Kenya’s electoral body says the technology to be used in this year’s elections will not fail. The opposition is warning of unspecified consequences if elections are rigged for the ruling Jubilee party.
Kenya is preparing for its sixth general election in August. Political tensions are high, and fear the country will see a repeat of the deadly violence that followed the 2007 election is growing.
But the electoral commission says it is up to the task of delivering a credible election reflecting the will of the people.
Previous system collapse
The commission is still haunted by its handling of the 2013 polls, in which most of the electronic equipment collapsed a few hours into election day.
The head of the Independent Electoral and Boundaries Commission, executive officer Ezra Chiloba, says the failures were partly due to the late arrival of the election kits.
“Transferring voter register from the main database to here, it was chaotic. That is why some of the machines were not used in the last general election. But during by-elections we have used these ones, and they work very well,” said Chiloba.
FILE - In this March 6, 2013 photo, official representatives of the various political parties and electoral workers discuss while reviewing newly received results, at the National Tallying Center in Nairobi, Kenya.
Commission technology administrator Meikan Gabriel says the equipment did not fail in 2013; it was the people using it.
“I remember I was in the field, and what I can attest is transmission went well up to a certain time until when the network was so congested. When it came to sending, some people gave up sending the results," said Gabriel. "It was portrayed though as the technology had failed, but the lack of patience even for those who have been transmitting contributed to the entire thing.”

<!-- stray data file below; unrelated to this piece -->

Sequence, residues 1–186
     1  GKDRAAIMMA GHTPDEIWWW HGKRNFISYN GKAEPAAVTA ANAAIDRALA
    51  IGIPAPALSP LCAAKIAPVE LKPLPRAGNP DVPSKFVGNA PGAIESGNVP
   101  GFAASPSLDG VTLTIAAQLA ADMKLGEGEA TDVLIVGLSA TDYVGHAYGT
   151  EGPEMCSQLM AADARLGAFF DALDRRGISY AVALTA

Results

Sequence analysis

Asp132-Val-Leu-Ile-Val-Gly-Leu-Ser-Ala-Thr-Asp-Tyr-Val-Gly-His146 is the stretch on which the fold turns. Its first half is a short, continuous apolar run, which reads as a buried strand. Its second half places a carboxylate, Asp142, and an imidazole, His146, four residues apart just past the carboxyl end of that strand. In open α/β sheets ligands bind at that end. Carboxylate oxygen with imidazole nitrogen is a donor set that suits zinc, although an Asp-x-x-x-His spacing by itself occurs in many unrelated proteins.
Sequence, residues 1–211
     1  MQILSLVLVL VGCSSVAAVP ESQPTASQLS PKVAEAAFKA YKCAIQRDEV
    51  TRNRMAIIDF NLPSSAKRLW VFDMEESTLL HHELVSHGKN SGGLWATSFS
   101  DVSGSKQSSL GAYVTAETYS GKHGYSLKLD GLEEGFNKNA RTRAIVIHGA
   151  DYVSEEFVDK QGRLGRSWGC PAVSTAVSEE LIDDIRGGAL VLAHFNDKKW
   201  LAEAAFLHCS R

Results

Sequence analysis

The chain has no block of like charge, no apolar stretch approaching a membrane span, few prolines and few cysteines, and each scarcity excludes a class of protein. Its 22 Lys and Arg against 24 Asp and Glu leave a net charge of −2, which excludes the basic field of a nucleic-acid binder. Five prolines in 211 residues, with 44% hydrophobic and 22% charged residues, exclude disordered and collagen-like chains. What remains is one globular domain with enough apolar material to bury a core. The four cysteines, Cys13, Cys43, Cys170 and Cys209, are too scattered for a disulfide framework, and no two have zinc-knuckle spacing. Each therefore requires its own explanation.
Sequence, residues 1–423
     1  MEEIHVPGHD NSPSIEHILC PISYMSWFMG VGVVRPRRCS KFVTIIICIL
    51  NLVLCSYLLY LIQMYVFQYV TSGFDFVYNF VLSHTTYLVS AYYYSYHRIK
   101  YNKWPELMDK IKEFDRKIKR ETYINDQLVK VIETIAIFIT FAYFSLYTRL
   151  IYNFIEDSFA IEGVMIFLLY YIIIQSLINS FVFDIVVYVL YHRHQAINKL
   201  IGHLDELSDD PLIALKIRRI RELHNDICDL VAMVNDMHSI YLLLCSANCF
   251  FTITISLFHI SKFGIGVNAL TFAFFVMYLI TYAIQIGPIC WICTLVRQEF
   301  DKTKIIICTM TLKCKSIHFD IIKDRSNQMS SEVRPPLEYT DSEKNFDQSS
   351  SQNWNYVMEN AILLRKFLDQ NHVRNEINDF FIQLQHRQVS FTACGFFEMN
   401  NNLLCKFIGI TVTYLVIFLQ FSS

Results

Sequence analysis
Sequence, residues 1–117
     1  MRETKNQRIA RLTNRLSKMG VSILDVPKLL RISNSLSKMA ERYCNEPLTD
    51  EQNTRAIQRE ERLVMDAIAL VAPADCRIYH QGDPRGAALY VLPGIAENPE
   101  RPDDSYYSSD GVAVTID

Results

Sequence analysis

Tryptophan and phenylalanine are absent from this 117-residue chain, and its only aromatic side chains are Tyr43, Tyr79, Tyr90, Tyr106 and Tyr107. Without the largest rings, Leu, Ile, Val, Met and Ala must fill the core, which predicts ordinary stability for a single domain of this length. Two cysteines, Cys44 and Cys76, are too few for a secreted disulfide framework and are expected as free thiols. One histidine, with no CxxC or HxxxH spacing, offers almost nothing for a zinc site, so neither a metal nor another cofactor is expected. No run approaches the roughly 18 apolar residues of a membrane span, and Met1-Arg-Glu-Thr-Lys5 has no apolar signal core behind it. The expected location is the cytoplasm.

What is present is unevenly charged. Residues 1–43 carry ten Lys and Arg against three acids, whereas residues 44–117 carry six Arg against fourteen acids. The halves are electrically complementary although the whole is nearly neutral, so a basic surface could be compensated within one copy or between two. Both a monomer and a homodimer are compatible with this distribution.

Conducting dozens of by-elections in the past couple of years, the electoral body has been able to deliver credible and fast results; but, many wonder if the commission will be able to conduct the national vote the same way.
FILE - Kenyan voters line up to cast their votes in the Kibera slum, Nairobi, March 4, 2013.
Addressing opposition supporters in Nairobi, former prime minister Raila Odinga said his party will not accept rigged elections.
“I wish to urge all opposition supporters to discard the fears that Jubilee [party] will steal August elections," he said. "They will not. We shall not allow it. We shall make it impossible for anyone to steal the election. We are also sending a word to Jubilee again the cost of stealing this election will be regrettable.”
FILE - Kenya's opposition leader Raila Odinga speaking to U.S. Ambassador Robert Godec during an election results watch breakfast at the ambassador’s home in Nairobi, 9 Nov. 2016.
The fear of rigged election has been exacerbated by the electoral law that allows the commission to use the manual system in case the technology fails.
Senator Kipchumba Murkomen of the ruling Jubilee party accused the opposition of preparing the country for political violence.
“We do not want them to hype the country towards violence, because really we have enough issues to debate and campaign on. On Jubilee, we have enough programs and development agenda. Our political competitors can look for manifesto points that they can challenge us,” said Murkomen.
The opposition has called for its supporters to register in large numbers. Voter registration begins January 16 and ends February 14.